Whether you practice yoga seriously or just recreationally use it to help stretch your muscles, there is no denying that what you do is going to be beneficial when you step onto the basketball court. Here is how this applies.
The Pros Use Yoga
Kevin Love, one of the best basketball players in NBA today, is one of the biggest proponents of using yoga to improve the game.
Love credits yoga with helping him get leaner and improving his game. During the off-season, he performs hour-long yoga sessions two to three times per week under the guidance of instructor Kent Katich, a former basketball player himself, at the University of South Dakota and professionally overseas.
Today Katich trains Love, Blake Griffin and other high profile athletes at his studio in Westwood, California. And this month Katich and Love teamed up with yoga and wellness brand Gaiam to release Yoga for Flexibility, a new yoga program geared towards athletes. He says, "Yoga teaches stretching, strengthening, and breathing, and it helps you get in tune with your body. That helps in basketball—or in any sport, really."
Regular yoga practice can yield big benefits, but Katich maintains that even a few minutes can be helpful. "It's not about doing an hour of yoga every day," he says. "It's about how you feel, and what you need right now." (Source).
Love points out that there are at least 5 compelling ways that yoga will help the game of basketball. “It can help you play better, make you lighter on your feet, less susceptible to injury, help you control your emotions and make you taller.” (Source).
College Basketball Superstars Use Yoga
Love is not the only professional who has embraced yoga as a way to help improve basketball games for coaches and players (even for fans). UNC Men’s Basketball has a yoga instructor on the payroll that helps the team train. Her name is Sage Rountree. In a write-up in Yoga Journal Rountree describes her favorite 4 yoga poses for players:
Warrior II Pose. WHY Stretch your chest, strengthen your glutes, and stretch your inner thighs, which helps protect your knees as you move through the court. HOW Take a wide stance, lunging your left knee just over your left ankle. Keep your shoulders over your hips as you stretch your arms parallel to the ground and gaze over your left fingertips.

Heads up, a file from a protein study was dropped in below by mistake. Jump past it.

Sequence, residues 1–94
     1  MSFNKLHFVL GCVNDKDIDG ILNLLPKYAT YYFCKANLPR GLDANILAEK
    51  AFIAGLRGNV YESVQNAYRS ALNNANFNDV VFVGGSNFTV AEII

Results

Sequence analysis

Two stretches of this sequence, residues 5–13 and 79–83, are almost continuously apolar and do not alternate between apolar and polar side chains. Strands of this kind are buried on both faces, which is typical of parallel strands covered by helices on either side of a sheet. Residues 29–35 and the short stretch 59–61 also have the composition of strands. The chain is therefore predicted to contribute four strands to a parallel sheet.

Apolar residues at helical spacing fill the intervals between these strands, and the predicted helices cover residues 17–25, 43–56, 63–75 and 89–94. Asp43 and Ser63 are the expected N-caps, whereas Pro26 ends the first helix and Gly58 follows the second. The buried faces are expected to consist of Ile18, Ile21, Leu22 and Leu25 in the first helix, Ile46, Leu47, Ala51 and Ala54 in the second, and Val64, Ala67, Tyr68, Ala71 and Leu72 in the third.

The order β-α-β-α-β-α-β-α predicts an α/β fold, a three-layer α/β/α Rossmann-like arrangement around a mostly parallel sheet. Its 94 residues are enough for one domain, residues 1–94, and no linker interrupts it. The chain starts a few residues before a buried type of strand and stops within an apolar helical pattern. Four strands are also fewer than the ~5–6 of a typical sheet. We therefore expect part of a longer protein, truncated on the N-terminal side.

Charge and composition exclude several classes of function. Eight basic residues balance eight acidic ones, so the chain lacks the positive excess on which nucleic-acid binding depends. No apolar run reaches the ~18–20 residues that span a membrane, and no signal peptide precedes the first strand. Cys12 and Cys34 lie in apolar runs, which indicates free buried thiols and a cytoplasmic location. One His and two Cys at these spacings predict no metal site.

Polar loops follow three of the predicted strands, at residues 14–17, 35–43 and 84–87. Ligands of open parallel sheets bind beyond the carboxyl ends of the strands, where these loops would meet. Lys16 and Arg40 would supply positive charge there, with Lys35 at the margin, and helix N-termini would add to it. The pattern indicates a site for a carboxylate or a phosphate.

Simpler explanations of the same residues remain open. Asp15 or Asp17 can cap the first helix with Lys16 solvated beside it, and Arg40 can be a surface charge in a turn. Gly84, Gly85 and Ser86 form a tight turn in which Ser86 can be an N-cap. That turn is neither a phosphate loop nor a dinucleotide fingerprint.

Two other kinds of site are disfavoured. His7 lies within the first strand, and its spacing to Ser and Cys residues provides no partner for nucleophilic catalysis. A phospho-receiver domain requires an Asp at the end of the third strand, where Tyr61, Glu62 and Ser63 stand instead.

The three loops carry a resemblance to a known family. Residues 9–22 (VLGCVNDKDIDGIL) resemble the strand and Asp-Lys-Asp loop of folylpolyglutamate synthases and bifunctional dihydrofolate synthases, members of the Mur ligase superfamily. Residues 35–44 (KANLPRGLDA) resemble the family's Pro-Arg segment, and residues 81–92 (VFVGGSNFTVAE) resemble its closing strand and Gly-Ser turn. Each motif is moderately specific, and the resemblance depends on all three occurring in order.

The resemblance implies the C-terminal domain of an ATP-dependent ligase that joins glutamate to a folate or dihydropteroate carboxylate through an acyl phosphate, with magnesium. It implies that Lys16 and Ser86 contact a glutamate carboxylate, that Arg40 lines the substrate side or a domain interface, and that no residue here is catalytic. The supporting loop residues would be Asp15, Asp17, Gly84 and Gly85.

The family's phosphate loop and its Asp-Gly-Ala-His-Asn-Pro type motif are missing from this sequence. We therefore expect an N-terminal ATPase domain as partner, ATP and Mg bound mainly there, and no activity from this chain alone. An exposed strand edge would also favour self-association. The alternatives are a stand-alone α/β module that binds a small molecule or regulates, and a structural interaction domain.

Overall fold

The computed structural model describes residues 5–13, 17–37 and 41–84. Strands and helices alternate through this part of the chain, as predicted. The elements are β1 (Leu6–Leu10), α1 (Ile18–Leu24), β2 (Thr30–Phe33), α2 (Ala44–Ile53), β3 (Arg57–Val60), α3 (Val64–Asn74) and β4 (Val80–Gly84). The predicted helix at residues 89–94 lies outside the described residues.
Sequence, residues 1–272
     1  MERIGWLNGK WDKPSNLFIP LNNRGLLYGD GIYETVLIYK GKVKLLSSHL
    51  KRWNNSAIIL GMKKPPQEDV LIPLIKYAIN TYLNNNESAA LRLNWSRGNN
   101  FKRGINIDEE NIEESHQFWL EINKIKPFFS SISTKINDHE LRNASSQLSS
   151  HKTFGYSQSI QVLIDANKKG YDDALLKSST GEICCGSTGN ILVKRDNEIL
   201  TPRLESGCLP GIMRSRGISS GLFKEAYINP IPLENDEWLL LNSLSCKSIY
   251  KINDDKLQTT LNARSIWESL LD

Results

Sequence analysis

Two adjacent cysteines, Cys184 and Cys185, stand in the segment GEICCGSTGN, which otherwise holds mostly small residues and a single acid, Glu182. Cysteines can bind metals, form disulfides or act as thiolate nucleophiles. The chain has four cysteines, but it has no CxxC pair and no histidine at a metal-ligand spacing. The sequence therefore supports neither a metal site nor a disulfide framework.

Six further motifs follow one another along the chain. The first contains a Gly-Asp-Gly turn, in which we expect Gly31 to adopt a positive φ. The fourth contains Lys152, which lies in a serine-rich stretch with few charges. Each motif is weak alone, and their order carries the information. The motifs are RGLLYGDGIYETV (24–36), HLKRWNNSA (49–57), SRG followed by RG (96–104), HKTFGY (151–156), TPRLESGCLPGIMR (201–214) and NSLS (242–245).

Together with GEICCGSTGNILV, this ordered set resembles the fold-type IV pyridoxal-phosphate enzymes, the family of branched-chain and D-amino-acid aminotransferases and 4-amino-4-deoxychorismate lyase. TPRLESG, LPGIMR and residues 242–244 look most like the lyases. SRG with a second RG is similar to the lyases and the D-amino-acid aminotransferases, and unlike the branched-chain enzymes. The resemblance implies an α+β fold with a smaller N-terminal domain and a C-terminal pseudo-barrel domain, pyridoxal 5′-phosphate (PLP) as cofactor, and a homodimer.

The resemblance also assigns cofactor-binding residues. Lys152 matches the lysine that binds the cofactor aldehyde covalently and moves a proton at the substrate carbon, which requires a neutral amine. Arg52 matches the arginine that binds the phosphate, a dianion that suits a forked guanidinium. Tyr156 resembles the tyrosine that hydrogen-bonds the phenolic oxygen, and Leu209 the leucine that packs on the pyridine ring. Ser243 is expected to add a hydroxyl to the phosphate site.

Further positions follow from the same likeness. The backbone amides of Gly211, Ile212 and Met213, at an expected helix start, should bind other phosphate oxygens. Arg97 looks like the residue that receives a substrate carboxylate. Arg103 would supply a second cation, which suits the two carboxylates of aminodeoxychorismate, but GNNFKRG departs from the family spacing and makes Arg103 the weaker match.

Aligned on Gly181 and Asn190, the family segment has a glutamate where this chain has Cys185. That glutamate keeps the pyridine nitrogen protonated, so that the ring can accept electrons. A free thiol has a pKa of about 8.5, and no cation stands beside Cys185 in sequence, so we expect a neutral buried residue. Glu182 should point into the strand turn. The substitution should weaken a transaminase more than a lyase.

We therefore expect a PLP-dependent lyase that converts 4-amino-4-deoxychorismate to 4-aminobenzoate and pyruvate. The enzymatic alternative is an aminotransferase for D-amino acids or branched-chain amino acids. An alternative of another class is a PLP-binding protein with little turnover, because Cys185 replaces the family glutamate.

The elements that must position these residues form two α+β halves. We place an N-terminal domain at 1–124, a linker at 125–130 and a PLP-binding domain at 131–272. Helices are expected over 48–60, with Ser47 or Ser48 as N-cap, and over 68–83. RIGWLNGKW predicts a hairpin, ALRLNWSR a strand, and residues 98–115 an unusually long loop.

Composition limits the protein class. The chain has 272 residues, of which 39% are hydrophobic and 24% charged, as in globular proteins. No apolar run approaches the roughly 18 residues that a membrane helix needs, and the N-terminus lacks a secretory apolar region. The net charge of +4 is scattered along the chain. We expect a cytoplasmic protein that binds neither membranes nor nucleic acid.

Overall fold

Exalted Warrior Pose. WHY Lengthen the side of the torso, stretch your lats, and improve your reach in this variation on Warrior II. HOW From Warrior II, lift your left arm overhead and rest your right hand gently on your right thigh. Holding the lunge in the left leg will build strength to protect your knee; if you are tired or would like to look like the Air Jordan Jumpman logo, straighten your left leg.
Triangle Pose. WHY Build lower leg and core strength, as you lengthen your hamstrings and stretch your chest. HOW From Exalted Warrior, straighten your left leg and lean over, resting your left hand lightly on your thigh or shin. Stretch your right arm straight overhead and roll your chest open toward the ceiling or sky.
Dancer Pose. WHY Build lower leg and hip strength in the standing leg, as you stretch the hip flexors, quads, and ankle of the lifted leg. Plus, build focus for free throws. HOW Stand on your left leg, holding your inner right foot or ankle with your right thumb facing up. Kick your right foot into your right hand and lean your chest forward.
While Katich travelled with the Clippers to all of their games for 9 years, from 2004 to 2013, he used Yoga to help get the players ready for the court. A decade and a half ago this was pretty far out there stuff; today there is a yoga studio on every urban block and in every small town - and yet somehow yoga is not quite in the mainstream when it comes to basketball training. That said, when you go this route with your team you will be in good company, with plenty of resources to help.
Kids Sports Yoga Proponents
Even ActiveKids.com, a website that keeps up with all of the ways youth can be kept fit and moving around in communities and is “the leader in online event registration from 5k running races and marathons to softball leagues and local events…. And prepare for all the things you love to do with expert resources… and fitness calculators” has a yoga poses for basketball players resource. The website points out that:
Playing basketball requires a lot of jumping, great hand-eye coordination and a high endurance for running up and down the court.
All of that repetitive jumping, twisting and running motion takes its toll on the body; tight hamstrings, sore hip flexors, backaches and shoulder tightness, creaky knees and tight Achilles tendons. These are all common ailments of basketball players young and old. To keep a basketball player from sitting on the bench due to an injury, yoga can be a huge asset.
Yoga is good for stretching, strengthening and increased mobility of the muscles, but it's also great for breath control and spatial awareness; all traits that a basketball player needs.
Whether you choose to put your players through the poses and paces suggested by any of these experts, or your personal favorites, there are really good reasons to train the team using yoga. You will have safer, more fit, and more focused kids taking to the court.